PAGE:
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Origin of sandplains in Western Australia: a review of the debate and some recent findings

Newsome, D. (2000) Origin of sandplains in Western Australia: a review of the debate and some recent findings. Australian Journal of Earth Sciences, 47 (4). pp. 695-706.

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Views on the origin of sandplains in Western Australia remain controversial with debate focusing around three different models of formation. These are in situ, aeolian and in situ formation with local remobilisation by wind or colluvial transport. The only recent work on the subject to date espouses a dominantly aeolian origin. New work from a detailed study on the Victoria Plateau is described and demonstrates the applicability of utilising a range of evidence in understanding the origin of sandplains in Western Australia. Field investigations show a strong association of sandplain with sandstone and an absence of sand on non-arenaceous geology in similar and adjacent topographic settings. Grainsize, mineral magnetic analysis and heavy-mineral spectra show the Victoria Plateau to be a heterogeneous body of sand. These findings coupled with a lack of internal sedimentary structures are not consistent with an aeolian origin for the sandplain. Furthermore, scanning electron microscopy, grainsize and heavy minerals also demonstrate a clear link between bedrock and overlying sandplain. These data support the hypothesis that Western Australian sandplains are mostly the product of in situ weathering. Such findings question whether the origin of sandplains can be satisfactorily deduced without such a range of data.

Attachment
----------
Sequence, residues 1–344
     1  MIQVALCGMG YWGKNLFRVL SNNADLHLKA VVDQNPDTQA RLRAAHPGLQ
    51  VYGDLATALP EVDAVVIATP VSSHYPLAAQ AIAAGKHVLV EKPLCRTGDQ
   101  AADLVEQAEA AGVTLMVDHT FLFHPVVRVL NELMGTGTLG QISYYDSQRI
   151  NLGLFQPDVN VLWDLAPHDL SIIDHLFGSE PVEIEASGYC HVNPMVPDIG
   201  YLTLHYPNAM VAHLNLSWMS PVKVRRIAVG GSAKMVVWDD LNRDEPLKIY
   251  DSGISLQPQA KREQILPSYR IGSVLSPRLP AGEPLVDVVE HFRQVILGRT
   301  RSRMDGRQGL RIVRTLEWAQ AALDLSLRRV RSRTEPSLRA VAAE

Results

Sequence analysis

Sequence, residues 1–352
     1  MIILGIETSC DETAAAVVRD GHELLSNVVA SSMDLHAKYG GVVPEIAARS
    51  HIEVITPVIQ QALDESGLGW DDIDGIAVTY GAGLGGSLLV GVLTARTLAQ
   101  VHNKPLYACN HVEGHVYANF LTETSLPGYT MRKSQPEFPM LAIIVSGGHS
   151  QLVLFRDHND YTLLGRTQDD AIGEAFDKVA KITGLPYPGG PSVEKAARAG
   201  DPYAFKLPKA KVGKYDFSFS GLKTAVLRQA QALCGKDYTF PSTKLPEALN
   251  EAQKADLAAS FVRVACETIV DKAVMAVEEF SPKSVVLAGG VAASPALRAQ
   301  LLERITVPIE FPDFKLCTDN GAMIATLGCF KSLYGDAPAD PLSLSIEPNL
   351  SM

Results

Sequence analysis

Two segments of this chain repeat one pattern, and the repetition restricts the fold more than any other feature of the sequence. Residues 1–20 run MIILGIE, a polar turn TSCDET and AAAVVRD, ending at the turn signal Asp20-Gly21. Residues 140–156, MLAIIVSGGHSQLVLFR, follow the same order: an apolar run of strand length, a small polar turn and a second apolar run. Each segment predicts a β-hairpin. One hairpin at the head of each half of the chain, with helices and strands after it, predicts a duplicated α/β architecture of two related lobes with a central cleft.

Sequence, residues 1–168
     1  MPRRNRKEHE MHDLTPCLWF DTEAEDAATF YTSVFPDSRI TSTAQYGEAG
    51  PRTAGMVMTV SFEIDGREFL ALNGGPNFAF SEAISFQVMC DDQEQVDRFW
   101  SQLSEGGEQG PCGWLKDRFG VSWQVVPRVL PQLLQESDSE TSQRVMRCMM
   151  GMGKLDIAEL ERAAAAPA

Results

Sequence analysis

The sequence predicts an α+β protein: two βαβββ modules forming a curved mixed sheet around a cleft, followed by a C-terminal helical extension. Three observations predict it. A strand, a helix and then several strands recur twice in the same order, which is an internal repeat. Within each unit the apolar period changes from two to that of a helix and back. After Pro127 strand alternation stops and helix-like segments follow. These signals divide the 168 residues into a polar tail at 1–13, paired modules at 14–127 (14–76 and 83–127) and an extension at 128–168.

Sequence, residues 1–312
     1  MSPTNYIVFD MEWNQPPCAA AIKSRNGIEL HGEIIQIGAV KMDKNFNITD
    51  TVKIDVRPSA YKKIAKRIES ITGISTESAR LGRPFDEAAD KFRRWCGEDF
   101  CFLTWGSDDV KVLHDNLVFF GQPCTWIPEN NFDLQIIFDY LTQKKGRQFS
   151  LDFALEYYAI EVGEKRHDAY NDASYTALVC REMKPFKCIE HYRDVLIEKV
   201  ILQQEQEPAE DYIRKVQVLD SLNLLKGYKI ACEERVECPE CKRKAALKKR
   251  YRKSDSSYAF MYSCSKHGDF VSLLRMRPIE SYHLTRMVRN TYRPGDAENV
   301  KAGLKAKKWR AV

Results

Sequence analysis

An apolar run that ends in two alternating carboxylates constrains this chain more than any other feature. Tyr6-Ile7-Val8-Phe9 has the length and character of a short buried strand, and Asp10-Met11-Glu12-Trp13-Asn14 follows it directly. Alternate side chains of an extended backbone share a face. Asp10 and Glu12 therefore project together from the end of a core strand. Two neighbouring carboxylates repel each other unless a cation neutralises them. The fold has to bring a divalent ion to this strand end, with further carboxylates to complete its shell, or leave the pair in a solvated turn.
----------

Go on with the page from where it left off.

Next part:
Item Type: Journal Article
Murdoch Affiliation(s): School of Environmental Science
Publisher: Taylor & Francis
Copyright: (c) Taylor & Francis
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